The Doctors, poems by Laura Solomon
Laura Solomon has a 2.1 in English Literature (Victoria University, 1997) and a Masters degree in Computer Science (University of London, 2003). Her books include Black Light, Nothing Lasting, Alternative Medicine, An Imitation of Life, Instant Messages, Vera Magpie, Hilary and David, In Vitro, The Shingle Bar Taniwha and Other Stories, University Days, Freda Kahlo’s Cry and Brain Graft. She has won prizes in Bridport, Edwin Morgan, Ware Poets, Willesden Herald, Mere Literary Festival, and Essex Poetry Festival competitions. She was short-listed for the 2009 Virginia Prize and the 2014 International Rubery Award and won the 2009 Proverse Prize. She has had work accepted in the Edinburgh Review and Wasafiri (UK), Takahe and Landfall (NZ). She has judged the Sentinel Quarterly Short Story Competition. Her play ‘The Dummy Bride’ was part of the 1996 Wellington Fringe Festival and her play ‘Sprout’ was part of the 2005 Edinburgh Fringe Festival. Laura’s new collection ‘Tales of Love and Disability’ will be out soon from Woven Words Publishers. www.laurasolomon.co.nz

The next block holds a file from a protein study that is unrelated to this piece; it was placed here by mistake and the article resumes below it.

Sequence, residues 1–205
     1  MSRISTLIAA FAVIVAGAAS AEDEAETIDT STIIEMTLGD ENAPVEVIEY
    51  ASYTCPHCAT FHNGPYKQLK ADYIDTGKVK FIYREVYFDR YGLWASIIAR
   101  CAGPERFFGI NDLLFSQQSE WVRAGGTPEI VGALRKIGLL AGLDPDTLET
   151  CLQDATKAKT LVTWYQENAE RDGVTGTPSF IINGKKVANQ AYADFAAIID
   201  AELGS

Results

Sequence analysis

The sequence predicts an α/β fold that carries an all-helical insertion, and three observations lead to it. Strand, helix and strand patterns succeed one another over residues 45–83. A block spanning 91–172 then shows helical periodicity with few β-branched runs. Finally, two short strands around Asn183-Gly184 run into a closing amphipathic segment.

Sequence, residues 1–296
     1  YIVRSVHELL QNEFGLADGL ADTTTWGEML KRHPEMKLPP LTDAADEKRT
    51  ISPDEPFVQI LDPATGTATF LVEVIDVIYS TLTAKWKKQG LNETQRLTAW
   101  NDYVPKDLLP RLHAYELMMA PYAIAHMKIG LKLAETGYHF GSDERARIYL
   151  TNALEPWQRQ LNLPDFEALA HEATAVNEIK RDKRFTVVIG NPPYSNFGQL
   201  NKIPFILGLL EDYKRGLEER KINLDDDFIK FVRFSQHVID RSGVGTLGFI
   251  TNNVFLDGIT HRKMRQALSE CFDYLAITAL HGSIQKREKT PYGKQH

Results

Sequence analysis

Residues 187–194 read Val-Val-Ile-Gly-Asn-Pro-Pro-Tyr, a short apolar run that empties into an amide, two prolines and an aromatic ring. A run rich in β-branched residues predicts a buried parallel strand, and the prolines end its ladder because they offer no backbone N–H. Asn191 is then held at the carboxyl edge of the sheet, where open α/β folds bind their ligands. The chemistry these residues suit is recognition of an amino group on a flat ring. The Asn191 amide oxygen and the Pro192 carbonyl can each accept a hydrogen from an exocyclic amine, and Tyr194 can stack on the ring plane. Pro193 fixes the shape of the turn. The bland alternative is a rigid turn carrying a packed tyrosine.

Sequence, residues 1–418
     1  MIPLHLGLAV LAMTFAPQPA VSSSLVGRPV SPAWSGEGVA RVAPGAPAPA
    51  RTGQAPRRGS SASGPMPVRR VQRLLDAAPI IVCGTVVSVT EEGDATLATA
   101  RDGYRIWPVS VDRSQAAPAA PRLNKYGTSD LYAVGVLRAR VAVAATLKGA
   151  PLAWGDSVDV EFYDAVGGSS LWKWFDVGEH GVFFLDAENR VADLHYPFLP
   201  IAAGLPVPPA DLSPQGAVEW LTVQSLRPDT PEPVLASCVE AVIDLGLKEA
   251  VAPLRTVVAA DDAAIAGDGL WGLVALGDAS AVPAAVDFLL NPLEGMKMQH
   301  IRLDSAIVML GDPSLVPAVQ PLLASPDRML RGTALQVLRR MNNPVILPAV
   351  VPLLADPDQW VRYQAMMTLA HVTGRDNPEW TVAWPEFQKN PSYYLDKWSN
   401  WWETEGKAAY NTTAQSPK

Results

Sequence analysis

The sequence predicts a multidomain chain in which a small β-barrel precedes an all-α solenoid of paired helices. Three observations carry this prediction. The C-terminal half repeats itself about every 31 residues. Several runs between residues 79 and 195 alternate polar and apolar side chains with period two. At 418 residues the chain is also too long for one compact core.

The doctors know it all, know best,
Know whether to wait or operate,
When to lock you up or set you free
And how much walking time you shall be granted.
I am at their mercy, or I was,
And hope to never be again.
They have no knowledge of compassion.
What terrible power!
Power of life or death.
One slip of the surgeon’s blade and it’s curtains;
Or paralysis – the wheelchair, or walking with a cane.
The nurses aren’t much better,
They gossip amongst themselves, scatter-brained,
Mocking my ambitions,
While they have none of their own.
This whole episode must be a set-up
Engineered by some malicious god
Playing a prank on me.
Who will have the last laugh?
The cackle’s stuck in my voice box,
From upstairs I can hear
Somebody else having a giggle
At my expense;
I am happy to provide the entertainment.
Mind you, at the risk of sounding like a know-it-all,
It must be said that back here on earth
None of them can tell me
Why it grew – this monstrosity
This lump inside my head.
Somebody is giving birth in the room next door.
Nine months is up, it’s time for the big arrival.
The rest of us are pregnant with the future –
Pregnant with possibilities
Each one opening out – a door to walk though, an invitation.
The midwife arrives bearing oxygen
Which is not needed
More pushing is done,
The umbilical cord is cut – time’s up,
Three kilos of perfection is delivered.
© Laura Solomon